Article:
COVID-19: Wrestling during a pandemic
As the sports world has come to a standstill due to the COVID-19 pandemic, there is still one professional sport being aired and played – wrestling.
The WWE (World Wrestling Entertainment) and AEW (All Elite Wrestling) have not stopped any televised events but instead have been wrestling without an audience.
WrestleMania 36 is about two weeks away and was previously set in the Tampa Bay Buccaneers’ stadium that holds almost 66 000 fans.
Due to the coronavirus pandemic, WWE has decided to move the event to a training facility in Orlando, Florida.
The biggest wrestling event of the year will still go on as planned but again, with no fans and at a smaller venue.
The event will only be televised as a two-night pay-per-view event, something the WWE has never done, the stream will start on April 4 at 7 pm and resume again on April 5 at 7 pm.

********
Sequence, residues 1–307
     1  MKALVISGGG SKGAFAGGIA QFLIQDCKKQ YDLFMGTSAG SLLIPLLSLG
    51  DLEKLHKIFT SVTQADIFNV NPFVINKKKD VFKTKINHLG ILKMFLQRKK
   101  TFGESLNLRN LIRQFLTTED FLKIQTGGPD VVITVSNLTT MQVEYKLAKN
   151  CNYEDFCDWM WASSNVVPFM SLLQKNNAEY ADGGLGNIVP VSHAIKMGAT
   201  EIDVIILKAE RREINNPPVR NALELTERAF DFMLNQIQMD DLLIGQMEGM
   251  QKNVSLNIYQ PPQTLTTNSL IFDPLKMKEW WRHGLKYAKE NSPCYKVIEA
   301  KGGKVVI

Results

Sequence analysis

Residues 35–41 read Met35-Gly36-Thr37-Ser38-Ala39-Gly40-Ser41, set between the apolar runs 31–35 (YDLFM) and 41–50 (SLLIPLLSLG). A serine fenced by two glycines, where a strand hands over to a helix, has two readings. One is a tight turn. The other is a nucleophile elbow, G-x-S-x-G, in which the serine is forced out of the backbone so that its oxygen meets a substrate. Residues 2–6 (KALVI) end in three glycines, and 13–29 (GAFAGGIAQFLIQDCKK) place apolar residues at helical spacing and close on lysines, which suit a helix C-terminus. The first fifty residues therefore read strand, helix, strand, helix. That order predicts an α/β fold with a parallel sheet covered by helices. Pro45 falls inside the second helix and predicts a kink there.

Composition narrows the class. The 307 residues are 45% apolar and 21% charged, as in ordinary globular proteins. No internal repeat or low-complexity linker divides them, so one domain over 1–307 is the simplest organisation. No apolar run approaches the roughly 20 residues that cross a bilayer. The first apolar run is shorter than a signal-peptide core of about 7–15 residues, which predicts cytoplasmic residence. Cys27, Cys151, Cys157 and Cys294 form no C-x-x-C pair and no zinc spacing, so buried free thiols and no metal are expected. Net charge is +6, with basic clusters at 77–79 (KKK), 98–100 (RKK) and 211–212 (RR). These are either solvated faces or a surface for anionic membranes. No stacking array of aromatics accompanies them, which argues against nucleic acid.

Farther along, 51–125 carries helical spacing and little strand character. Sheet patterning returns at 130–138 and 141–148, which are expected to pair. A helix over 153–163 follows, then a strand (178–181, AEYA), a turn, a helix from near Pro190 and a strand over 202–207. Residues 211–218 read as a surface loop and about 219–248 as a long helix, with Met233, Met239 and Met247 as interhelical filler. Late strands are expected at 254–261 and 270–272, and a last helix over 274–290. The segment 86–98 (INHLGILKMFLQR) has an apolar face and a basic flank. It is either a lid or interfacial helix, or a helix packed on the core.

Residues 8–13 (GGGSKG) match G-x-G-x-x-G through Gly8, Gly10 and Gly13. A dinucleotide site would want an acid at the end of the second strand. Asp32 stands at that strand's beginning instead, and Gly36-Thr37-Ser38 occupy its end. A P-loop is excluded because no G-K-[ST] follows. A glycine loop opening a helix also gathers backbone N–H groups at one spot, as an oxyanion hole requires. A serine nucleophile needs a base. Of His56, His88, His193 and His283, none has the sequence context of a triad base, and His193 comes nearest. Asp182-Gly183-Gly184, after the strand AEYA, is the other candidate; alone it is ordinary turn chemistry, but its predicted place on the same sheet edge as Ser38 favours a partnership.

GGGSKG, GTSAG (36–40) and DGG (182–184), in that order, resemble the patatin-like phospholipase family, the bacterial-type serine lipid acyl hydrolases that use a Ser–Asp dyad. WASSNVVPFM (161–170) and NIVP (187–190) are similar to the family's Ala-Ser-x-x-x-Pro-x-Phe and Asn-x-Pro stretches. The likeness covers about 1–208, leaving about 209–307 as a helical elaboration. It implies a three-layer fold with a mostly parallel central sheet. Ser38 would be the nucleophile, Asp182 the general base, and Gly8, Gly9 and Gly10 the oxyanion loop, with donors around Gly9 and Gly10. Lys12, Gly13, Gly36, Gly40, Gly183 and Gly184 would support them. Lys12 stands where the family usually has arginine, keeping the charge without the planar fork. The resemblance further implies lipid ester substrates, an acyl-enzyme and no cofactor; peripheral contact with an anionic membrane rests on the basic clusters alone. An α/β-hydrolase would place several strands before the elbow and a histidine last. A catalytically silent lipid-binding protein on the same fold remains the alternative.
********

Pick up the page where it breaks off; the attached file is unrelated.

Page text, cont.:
“Only essential personnel will be on the closed set during the production of WrestleMania,” announced by the WWE in a press release.
Moving the event to two nights instead of one, allows WWE to limit the number of people in the space.
This is to help prevent the spread and limit as much interaction as possible.
One wrestling superstar doctors are closely monitoring, is the former Universal Champion, Roman Reigns.
Reigns has recently beat leukemia and is back in the wrestling world but his weakened immune system makes him an easy target for COVID-19.
Dave Meltzer, a WWE journalist, told Wrestling Observer Radio “They have doctors who are going to monitor Roman Reigns, but he’s got a weakened immune system to a degree because of the CML leukemia is in him for life.”
As of late, professional wrestling is the only thing sports fans can watch to enjoy hilarious moments.
Jeff Hardy vs. King Corbin with no crowd:
You might be wondering what happens during a commercial break when there isn’t a crowd in attendance. The link below shows the wrestlers stop wrestling and are prompted by the crew to get into place.